I thought a lot about how the enactment of this video depends on the normative sexuality displayed by Sanders and the accessibility of her as an object. What if the "performer" had not been "attractive," had not adhered to conventional images and forms that we find pleasing. What if the "performer" had been a person of color? How would a discussion of race have changed the dynamics, if instead of country music, the title was: I learned how to be a woman from nineties rap videos. What preconceived ideas would we imagine then as the template for what rap videos teach us about performing womanhood rather than country videos?
If they all display a performance then it truly enacts bell hooks statement: "misogynistic attitudes tend to be portrayed by the dominant culture as always an expression of male deviance. In reality, they are part of a sexist continuum, necessary for the maintenance of patriarchal social order" ("Gangsta Culture--Sexism and Misogyny).
I would go so far as to add that in relation to performative madness and the allusions to the hysterical women exploited at the Salpêtrière that being a woman always involves a performance (or several performances) and the pathology presents itself when the performance is treated as "normal." In other words, the insanity that women seem to chase is the distraction from a closer and more insidious form of insanity, which is the belief in the performance rather than a close deconstruction of how the part is played. What is portrayed as "natural" in film, books and T.V. is violence against women, is sexualization and mistreatment of women, is the ongoing fieldwork of upholding the patriarchal society that hooks reminds us: "must be labored in and maintained both to sustain patriarchy, but also to nourish an antifeminist backlash" (Gangsta Culture--Sexism and Misogyny).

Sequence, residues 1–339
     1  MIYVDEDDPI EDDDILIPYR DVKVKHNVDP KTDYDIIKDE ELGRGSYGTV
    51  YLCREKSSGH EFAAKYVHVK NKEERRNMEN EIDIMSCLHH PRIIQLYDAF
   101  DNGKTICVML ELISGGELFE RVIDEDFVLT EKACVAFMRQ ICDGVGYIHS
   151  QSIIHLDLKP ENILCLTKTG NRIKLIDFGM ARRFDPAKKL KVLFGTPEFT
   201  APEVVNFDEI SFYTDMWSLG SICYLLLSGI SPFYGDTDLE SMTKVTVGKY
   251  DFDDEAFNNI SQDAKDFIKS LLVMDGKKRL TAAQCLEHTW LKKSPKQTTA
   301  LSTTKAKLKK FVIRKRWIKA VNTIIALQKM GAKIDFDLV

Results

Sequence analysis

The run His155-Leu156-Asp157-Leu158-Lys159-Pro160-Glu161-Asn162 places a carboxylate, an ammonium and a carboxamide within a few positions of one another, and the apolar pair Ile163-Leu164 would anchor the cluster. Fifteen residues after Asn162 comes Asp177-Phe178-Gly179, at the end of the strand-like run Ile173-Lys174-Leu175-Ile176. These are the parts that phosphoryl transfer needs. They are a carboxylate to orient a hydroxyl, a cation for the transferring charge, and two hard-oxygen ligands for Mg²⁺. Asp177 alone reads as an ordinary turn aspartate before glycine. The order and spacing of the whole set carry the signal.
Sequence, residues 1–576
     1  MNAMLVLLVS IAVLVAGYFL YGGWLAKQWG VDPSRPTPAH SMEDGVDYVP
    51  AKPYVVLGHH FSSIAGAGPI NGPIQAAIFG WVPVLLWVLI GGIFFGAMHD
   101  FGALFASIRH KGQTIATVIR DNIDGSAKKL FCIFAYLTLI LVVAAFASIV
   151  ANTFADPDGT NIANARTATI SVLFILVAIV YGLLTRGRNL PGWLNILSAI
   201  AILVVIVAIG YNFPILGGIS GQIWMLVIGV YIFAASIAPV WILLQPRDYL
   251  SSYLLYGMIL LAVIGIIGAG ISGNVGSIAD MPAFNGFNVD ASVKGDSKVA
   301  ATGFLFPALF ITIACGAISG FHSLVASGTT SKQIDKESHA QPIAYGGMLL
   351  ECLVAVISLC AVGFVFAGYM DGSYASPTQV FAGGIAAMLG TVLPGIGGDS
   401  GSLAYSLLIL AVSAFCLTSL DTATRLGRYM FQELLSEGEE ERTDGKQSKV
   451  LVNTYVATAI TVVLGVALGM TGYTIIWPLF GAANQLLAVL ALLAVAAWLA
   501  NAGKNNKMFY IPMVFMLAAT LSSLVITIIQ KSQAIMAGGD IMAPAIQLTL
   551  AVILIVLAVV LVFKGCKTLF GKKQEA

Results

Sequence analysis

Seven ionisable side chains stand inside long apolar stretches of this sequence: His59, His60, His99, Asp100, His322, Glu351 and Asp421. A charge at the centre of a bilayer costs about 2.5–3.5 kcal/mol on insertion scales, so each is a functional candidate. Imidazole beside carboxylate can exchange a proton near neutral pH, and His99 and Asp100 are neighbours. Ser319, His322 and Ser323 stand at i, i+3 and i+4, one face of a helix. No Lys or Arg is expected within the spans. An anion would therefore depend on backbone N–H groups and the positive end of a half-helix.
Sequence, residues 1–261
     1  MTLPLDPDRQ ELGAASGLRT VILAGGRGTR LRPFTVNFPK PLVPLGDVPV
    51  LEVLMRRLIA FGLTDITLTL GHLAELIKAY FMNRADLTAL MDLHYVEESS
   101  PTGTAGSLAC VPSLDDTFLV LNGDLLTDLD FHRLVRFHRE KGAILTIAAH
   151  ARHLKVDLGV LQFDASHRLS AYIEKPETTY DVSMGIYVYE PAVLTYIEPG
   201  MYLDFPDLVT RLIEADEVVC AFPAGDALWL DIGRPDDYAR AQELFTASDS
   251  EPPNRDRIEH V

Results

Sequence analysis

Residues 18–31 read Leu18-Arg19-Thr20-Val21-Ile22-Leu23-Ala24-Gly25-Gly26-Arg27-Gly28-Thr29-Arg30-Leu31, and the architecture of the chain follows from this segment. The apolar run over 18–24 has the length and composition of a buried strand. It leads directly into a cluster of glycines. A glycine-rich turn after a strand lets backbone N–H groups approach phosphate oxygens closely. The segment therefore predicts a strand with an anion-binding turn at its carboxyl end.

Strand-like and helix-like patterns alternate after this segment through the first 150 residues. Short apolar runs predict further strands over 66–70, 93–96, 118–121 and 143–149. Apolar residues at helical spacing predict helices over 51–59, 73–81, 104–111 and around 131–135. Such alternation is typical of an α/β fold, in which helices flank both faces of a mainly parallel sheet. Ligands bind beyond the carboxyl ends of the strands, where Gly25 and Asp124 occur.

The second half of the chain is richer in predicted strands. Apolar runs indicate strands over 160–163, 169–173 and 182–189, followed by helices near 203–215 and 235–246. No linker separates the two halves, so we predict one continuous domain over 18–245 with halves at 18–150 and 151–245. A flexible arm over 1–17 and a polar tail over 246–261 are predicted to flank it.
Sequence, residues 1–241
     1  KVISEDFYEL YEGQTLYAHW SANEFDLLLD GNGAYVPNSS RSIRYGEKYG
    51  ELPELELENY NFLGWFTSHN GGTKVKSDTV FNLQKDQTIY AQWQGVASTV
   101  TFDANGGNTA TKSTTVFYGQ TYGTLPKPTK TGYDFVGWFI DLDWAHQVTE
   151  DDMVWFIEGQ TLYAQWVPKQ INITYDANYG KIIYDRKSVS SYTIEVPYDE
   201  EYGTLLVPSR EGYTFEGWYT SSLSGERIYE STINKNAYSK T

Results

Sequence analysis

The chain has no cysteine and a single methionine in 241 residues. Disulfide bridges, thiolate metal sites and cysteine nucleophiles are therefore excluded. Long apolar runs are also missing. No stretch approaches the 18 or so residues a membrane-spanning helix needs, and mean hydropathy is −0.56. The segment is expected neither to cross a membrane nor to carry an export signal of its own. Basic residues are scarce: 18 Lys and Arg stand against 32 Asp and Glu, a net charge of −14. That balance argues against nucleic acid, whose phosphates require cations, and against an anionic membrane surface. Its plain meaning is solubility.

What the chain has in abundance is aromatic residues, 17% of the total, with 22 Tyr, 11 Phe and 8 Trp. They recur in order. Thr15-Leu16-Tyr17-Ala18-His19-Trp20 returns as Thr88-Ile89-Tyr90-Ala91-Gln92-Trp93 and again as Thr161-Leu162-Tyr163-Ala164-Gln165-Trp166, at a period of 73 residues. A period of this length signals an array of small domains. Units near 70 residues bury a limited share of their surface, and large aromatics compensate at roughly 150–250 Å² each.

I like that country music isn't a put-on for Sanders; it isn't a place to explore for some gain even as she points a critical eye at what it offers. She says in her interview: There’s no worst thing about country music, I truly love country music: what it says and what it refuses to say. It’s so polite. It’s so impolite. I am utterly devoted to it, to who it made me become. I have loved it all my life. And this—speaking of secrets, of shame—brings me back to your very first question. Sometimes we fall in love with what scares us most.
The poems are where the work is done though; regardless of our love or our devotion. It is our desire where we write it out, it is where we are not, which then complicates the images in the video. And Sanders' poems in conjunction with the video create a place of critique and discussion. You have to read the poems to get under the veil of the image like in "Fancy Sung by Reba McEntire" where Sanders begins: "Fancy has a gun and I don't mean a real gun/ A man has a gun and I do mean a penis" or in "A Little Too Late Sung by Tanya Tucker" where she writes: "I walked into a gangbang and I was like/ oh shit." Sanders is not rewriting or decoding the songs for us; she's reinscribing them through the lens of her own performance stripped down. Beyond the pearls and denim, the "other" is given voice.
I think it's incredibly important to also point out that Saturday night, I went to karaoke with Kristin. And she sang "Fancy" by Reba McEntire. And it was beautiful and sexy and a woman can be a lot of things but when we're talking culture, a woman better be armed.